standard of care


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standard of care

Forensic medicine '…a normative standard of effective medical treatment, whether or not it is provided to a particular community.'; the SOC corresponds to a level of competence in performing medical tasks accepted as reasonable, and reflective of a skilled and diligent health care provider. See Ethics, Malpractice, Practice guidelines. Cf Reasonable person standards.
Standard of care
Academic SOC Every possible diagnosis would be ruled in or out simultaneously, often through use of parallel testing
Economic SOC Costs of diagnostic or therapeutic interventions are a major consideration
Idealized SOC Physician would have unlimited time to spend with a Pt to establish a warm personal relationship and unlimited resources to carry out a diagnosis and therapy
Managed care SOC A type of economic SOC, in which minimizing the cost of each Pt ↑ profits; here, a Pt is reduced to a 'unit' on which profit is made, or monies lost
Medicolegal SOC All hinges on limiting exposure to medical liability
Personal SOC The individual physician draws from his/her education, training, and experience, and incorporates an ethical and humanistic code of professional conduct to do what is best for the Pt JAMA 1996; 275:1296
Practical SOC The level of care that can be provided by the resources at hand, or based on the access–not economic

stan·dard of care

(stan'dărd kār)
The ordinary level of skill and care that any health care practitioner would be expected to observe in caring for patients.

stan·dard of care

(stan'dărd kār)
The ordinary level of skill and care that any health care practitioner woud be expected to observe in caring for patients.
References in periodicals archive ?
On cross, counsel wanted me to acknowledge that my 2004 comments were part of the legal standard of care. I disagreed, testifying that, here again, this recommendation was not part of the standard of care at all, but rather a risk management technique more than the standard of care required that lawyers were well-advised to follow simply as a CYA matter, to protect themselves from potential claims.
(84) The jury then determines, based on the facts and expert witness testimony, whether the standard of care was in fact breached.
The next year, the Court of Appeals reaffirmed its decision to hold amusement park operators to the highest standard of care. (50) In Cooper v.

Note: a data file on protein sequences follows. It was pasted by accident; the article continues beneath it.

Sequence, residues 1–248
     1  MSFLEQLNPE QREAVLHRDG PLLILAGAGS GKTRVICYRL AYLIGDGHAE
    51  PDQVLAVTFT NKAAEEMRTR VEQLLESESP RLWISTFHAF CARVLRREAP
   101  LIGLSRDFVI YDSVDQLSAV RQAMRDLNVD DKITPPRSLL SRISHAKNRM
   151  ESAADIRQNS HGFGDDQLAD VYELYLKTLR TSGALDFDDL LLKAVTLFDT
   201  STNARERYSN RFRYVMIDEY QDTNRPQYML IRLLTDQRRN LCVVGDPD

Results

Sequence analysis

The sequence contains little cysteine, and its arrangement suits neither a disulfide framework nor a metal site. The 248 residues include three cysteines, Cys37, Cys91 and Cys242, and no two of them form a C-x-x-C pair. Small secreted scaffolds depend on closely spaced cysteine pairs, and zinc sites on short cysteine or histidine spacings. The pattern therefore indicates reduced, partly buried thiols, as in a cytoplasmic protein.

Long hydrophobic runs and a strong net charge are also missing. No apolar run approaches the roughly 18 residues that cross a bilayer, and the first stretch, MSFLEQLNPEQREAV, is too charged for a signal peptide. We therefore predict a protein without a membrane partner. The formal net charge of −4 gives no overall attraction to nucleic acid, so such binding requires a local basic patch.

It called the broker-dealer standard of care under the Financial Industry Regulatory Authority's suitability rule "ineffective in protecting investors receiving personalized investment advice because it leaves substantial gaps in coverage when compared to the fiduciary standard applicable to investment advisers."
'Putting the needs of victims at the heart of the criminal justice system and improving the standard of care and support available to victims of sexual violence and abuse will result in more people having the confidence to come forward.'
Sentinel node biopsy, for the patient, should be the standard of care."
You are measured by a standard of care for your profession, not by the profession's standard of practice.
The Virginia Supreme Court reversed a trial court decision to exclude an out-of-state physician from providing expert testimony regarding the Virginia standard of care in a medical malpractice case.
Interestingly, confusion defining a pain management standard of care has attorneys wondering whether claims against physicians for the under-treatment of chronic pain should arise in the new theories of elder abuse statutes or should simply be an extension of the more traditional medical malpractice negligence suits.
Their results demonstrate a substantial gap between this standard of care and the receipt of services by adolescent females two years after the CDC made its recommendation.
Second, develop a new standard of care for your facility, and develop policies and procedures that include this new scientifically researched diet.

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